Tesla’s insane stock price makes sense in a market gone mad
Like a SpaceX rocket lofting a Tesla Roadster into orbit, Tesla stock is on a vertical trip into outer space. Since March, the electric car maker’s share price has more than quadrupled to a mind-boggling market value of $290 billion.
That makes Tesla, which reported second-quarter earnings Wednesday, the world’s highest-valued car company — if far from the largest. Of the 90 million cars sold around the world in 2019, Tesla sold 367,000. Take the two top-selling carmakers in the world, Toyota and Volkswagen, toss in Ford; the stock market still values Tesla higher than all three combined.
On Monday, Tesla stock climbed nearly 10%, adding $26.5 billion to its market value in a single day. It pulled back 4.5% on Tuesday, to $1,568.36 a share, then closed up about 1.5% Wednesday. Shares spiked more than 5% in after-hours trading when Tesla reported a net quarterly profit of $104 million.
Even Jim Cramer, the CNBC personality who has hyped Tesla stock plenty in the past, is astounded. Asked about Tesla stock on Twitter on Monday, he wrote: “I don’t even know if it is a stock. it is something else entirely, like a new species discovered in the wild.”
Or maybe it’s a more familiar beast, only supercharged. Tesla’s bewildering ascent makes more sense when you think of it as a hyper-exaggerated product of — and maybe a metaphor for — a stock market that itself has stopped making sense, at least by conventional measures.
Hovering near record highs amid a global pandemic and economic catastrophe, the market, like Tesla, highlights the degree to which equity prices have come untethered from current economic reality and future earnings expectations.
In both cases, prices are supported by the infusion of trillions of dollars of new money into the economy and by the steady growth of passive investing, in which money automatically flows in from 401(k) contributions and is put to work buying stocks, pushing prices higher. The potential inclusion of Tesla in the Standard & Poor’s 500 stock index adds upward pressure.
Then there’s the success of Chief Executive Elon Musk in crafting a beautiful-future narrative to explain why Tesla should be even more expensive than it is. Musk’s enormous compensation package is almost entirely tied to share price; on Tuesday, he qualified for an additional $2.1 billion worth of options after Tesla’s average market capitalization over six months exceeded $150 billion.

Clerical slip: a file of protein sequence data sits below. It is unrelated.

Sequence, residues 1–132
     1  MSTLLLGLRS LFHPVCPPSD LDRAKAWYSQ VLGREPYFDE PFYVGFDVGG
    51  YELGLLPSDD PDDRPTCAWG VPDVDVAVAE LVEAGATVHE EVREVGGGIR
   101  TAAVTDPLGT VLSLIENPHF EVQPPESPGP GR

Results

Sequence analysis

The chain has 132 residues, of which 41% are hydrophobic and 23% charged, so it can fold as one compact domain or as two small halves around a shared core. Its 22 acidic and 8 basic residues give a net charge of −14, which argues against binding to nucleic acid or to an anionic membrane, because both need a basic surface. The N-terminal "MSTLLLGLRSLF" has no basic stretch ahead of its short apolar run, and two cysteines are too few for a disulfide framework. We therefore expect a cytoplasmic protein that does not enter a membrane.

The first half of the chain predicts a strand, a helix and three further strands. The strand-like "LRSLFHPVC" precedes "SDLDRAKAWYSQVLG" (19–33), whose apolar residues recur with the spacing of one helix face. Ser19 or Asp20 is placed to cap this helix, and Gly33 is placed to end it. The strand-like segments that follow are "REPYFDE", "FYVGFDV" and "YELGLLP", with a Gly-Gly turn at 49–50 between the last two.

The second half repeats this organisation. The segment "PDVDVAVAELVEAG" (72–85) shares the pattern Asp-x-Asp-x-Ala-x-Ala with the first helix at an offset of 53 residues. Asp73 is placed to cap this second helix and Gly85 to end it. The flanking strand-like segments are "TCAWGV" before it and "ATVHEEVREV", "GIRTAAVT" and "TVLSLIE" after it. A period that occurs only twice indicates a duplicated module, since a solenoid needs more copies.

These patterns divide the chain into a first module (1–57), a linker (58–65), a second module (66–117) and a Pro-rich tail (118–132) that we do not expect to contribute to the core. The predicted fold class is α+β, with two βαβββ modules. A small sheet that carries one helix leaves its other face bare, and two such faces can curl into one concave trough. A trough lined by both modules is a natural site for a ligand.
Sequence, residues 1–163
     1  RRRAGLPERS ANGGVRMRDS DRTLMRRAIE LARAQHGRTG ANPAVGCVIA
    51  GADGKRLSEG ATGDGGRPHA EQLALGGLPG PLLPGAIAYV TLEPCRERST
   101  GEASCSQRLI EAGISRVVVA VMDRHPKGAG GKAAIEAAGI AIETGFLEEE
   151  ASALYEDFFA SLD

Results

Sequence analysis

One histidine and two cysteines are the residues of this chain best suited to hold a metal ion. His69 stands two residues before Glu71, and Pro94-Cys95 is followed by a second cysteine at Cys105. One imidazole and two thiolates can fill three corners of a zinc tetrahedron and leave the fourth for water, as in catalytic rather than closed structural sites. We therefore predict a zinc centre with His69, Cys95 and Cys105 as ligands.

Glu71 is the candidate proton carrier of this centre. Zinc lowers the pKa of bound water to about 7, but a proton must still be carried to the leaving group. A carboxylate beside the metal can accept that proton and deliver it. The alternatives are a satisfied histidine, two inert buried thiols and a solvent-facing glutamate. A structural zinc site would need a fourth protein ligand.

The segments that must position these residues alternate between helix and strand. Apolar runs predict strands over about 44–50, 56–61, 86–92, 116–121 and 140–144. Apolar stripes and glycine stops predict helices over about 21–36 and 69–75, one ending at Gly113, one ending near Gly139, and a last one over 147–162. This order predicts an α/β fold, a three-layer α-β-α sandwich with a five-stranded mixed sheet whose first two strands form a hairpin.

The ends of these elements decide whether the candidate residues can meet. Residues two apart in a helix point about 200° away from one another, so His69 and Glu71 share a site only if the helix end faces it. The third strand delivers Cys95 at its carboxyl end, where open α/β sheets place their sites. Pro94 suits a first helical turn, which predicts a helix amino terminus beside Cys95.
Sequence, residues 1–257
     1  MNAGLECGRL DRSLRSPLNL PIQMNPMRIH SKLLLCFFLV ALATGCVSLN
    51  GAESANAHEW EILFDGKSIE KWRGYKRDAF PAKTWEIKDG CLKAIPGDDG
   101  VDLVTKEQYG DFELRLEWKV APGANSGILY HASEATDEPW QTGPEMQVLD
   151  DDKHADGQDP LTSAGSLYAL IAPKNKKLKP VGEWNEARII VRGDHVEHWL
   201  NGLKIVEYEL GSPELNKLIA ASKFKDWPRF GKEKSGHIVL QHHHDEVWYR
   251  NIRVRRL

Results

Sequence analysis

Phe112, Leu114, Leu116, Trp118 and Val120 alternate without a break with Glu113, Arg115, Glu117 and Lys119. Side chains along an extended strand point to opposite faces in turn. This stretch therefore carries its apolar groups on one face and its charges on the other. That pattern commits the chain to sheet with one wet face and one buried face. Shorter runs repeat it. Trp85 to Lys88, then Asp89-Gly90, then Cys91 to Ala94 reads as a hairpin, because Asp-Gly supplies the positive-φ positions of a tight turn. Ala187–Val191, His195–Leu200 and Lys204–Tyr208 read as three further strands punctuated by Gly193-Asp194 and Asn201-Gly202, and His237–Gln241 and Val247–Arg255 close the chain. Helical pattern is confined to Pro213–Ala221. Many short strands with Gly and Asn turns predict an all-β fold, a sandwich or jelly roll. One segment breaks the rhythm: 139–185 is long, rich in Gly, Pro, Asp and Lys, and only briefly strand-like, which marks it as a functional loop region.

Narrative aside, there’s little in the company’s recent performance to justify such outsize enthusiasm.
Although Tesla’s sales have grown steadily, there has been no sudden acceleration, and the company has repeatedly lowered prices. Tesla owes its string of small quarterly profits to government credits and aggressive booking of prepaid orders for a “Full Self Driving” technology that does not yet exist. Pay and bonuses — for workers, not for Musk — are being cut.
Overall, it’s hard to see Tesla, since it introduced the Model 3 in 2017, as a rapid growth company. (See chart.)
Tesla isn’t the only company whose rip-roaring market value is hard to square with the worst economy since the Great Depression.
In the classical analysis, stock prices indicate expectations of a company’s future profits. The cash can be used to reward shareholders through dividend payments or stock buybacks or reinvested in the company to fuel future growth.
The profit outlook for 2020 looks bleak across the economy. The Wall Street Journal reports 180 companies in the S&P 500 have pulled their earnings guidance, which has led to “the widest dispersion in earnings estimates among analysts since at least 2007.”
Yet the S&P 500, after an alarming plunge in March, is headed again toward record highs. As Robert Kaplan, president of the Federal Reserve Bank of Dallas put it recently: “If you see that kind of disconnect, it doesn’t go on indefinitely.”
Several forces have pushed stocks high and kept them there even as 32 million people in the U.S. have applied for unemployment assistance since February and COVID-19 infections have surged.
One is the Federal Reserve Board, which has injected trillions into the economy to ensure liquidity, engorged its balance sheet with assets that normally would be traded in established markets and created new dollars that could at some point spark inflation. It has even, for the first time, begun to buy junk bonds to help keep marginal companies and the hedge funds that invest in them afloat.
The Fed’s low-interest rates have the effect of making equity markets about the only avenue for meaningful returns. Middle- and upper-class people used to retire expecting to live largely on interest thrown off by their investments in bonds. Not now.
Whether the Fed’s efforts put people back to work in large numbers is yet to be determined, but so far they’ve helped stock and bond markets defy gravity.